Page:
Brad Zapp is the co-founder and Managing Partner of Covington, KY-based Connetic Ventures, a private, early stage venture capital firm. We spoke with him about Connetic’s origins and how it finds companies in which to invest in flyover country.
Where is your geographic focus?
Zapp: We are coast to coast, but we don’t invest on the coast. We serve the pre-seed and seed, early stage investor rounds. We have a deliberate growth deal flow model using software. Off the top of my head, we’ve probably done 75 deals in 32 states. If you took a car from Maryland to San Diego and stopped everywhere we’ve invested, you’d hit every state along the way.
Are there certain kinds of startups that you invest in?
Zapp: 75% of our portfolio is software. We really like fintech, future of work, and artificial intelligence. And then 25% of our portfolio is consumer packaged goods.
How long have you guys been around?
Zapp: We’re young. We started an angel group in 2015. We used that to cut our teeth and figure out who we wanted to be and where we wanted to invest and what our thesis was. Now we’re executing out of our first VC fund. So we’re almost three years old as a venture firm.
How did you launch?
Zapp: I launched it personally. We were donated a room at one of the local economic development agencies. I brought on five interns. So it was me and a bunch of kids. Shortly after, I was able to talk one of my investors, Kyle Schlotman, into being my co-founder. Together, Kyle and I ramped up the strategy for growing nationally.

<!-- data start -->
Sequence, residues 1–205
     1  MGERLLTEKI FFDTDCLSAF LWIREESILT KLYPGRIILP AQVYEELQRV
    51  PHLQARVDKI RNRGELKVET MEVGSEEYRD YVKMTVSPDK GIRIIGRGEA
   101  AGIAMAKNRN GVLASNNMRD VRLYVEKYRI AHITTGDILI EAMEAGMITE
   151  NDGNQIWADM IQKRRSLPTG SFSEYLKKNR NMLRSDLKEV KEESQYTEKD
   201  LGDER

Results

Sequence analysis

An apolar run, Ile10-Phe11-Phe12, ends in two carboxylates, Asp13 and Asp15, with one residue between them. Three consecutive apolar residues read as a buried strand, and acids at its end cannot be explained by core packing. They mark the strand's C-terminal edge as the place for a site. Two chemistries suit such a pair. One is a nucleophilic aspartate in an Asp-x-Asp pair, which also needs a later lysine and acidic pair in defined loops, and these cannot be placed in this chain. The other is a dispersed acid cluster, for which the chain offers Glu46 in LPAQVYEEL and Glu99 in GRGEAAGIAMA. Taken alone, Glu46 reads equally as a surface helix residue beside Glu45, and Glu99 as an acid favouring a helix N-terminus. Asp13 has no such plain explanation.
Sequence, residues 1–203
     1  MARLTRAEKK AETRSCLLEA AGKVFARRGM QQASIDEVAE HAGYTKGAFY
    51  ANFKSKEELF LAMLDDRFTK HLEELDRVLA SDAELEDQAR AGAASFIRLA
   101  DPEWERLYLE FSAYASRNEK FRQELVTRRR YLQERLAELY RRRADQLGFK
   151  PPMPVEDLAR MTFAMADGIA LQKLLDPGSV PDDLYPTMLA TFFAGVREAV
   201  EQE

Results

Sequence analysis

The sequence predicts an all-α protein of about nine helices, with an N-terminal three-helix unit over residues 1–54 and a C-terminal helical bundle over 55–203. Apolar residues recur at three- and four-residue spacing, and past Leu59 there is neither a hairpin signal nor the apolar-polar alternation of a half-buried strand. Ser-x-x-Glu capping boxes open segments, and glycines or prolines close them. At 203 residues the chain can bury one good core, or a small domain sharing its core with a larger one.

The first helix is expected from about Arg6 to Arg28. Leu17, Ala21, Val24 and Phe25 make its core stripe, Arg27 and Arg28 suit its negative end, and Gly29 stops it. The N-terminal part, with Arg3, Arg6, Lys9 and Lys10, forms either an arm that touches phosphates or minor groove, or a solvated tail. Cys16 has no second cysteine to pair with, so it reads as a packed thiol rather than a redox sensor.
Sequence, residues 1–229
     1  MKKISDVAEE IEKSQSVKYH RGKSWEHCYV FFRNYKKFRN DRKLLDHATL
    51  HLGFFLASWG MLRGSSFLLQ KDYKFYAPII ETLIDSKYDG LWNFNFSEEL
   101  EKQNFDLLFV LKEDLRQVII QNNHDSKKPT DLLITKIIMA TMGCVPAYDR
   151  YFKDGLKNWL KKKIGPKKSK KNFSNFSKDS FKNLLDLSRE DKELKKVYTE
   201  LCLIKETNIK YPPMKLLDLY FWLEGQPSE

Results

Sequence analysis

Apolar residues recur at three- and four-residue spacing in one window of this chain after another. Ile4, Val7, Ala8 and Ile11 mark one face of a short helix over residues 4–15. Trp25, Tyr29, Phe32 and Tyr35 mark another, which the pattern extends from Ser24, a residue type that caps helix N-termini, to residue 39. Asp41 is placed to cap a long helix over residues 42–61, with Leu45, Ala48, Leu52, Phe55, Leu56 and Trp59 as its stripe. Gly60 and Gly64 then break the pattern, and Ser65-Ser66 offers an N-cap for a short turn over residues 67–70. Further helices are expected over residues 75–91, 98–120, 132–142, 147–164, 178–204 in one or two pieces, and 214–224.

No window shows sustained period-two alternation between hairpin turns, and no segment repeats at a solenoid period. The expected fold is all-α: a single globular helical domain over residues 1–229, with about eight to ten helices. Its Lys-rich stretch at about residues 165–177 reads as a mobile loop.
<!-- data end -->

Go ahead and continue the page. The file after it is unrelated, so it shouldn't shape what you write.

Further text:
How do you find the companies you want to invest in?
Zapp: We’re a scrappy little group, so we start off with social media, since it allows us to reach a national audience. We then try to find a friend in the city we’re looking at.
Explain how that works.
Zapp: So let’s use Knoxville, TN as an example. We grab a friend in Knoxville and say, ‘Hey, we’ve got $30 million and we’d love to find some good deals in your town.’ Then we post a little content, say something nice, something that’s relevant to that city, and it gets reshared. And then entrepreneurs reach out. Once we make an investment in the city, we physically show up because now we have reason to do that. The city’s happy to have us.
We will go to Knoxville’s Startup Week. We’ll go and then we’ll point to the company that we invested in there. Now other entrepreneurs there know that our firm likes Knoxville. Then we wash, rinse, and repeat. We invest across 100 different cities across the U.S. with very little physical effort.
Why focus on flyover country?
Zapp: There was a need for a firm to provide an asset allocation vehicle to local investors. From an entity standpoint, that was a problem that we could solve for local investors. But from an investment standpoint, underrepresented geographies are a big deal. It’s a huge opportunity. It’s not like there aren’t unicorns being made in all 50 states. But there’s no early stage VC firm that’s going around and rolling up that deal flow. So in the small towns like Covington, Cincinnati, Boise, Knoxville, we are one of the first to bring outside institutional capital in these deals. And in some cases, we’re the only institutional capital. It’s vital to the entrepreneurs but it’s also such a great opportunity for VCs.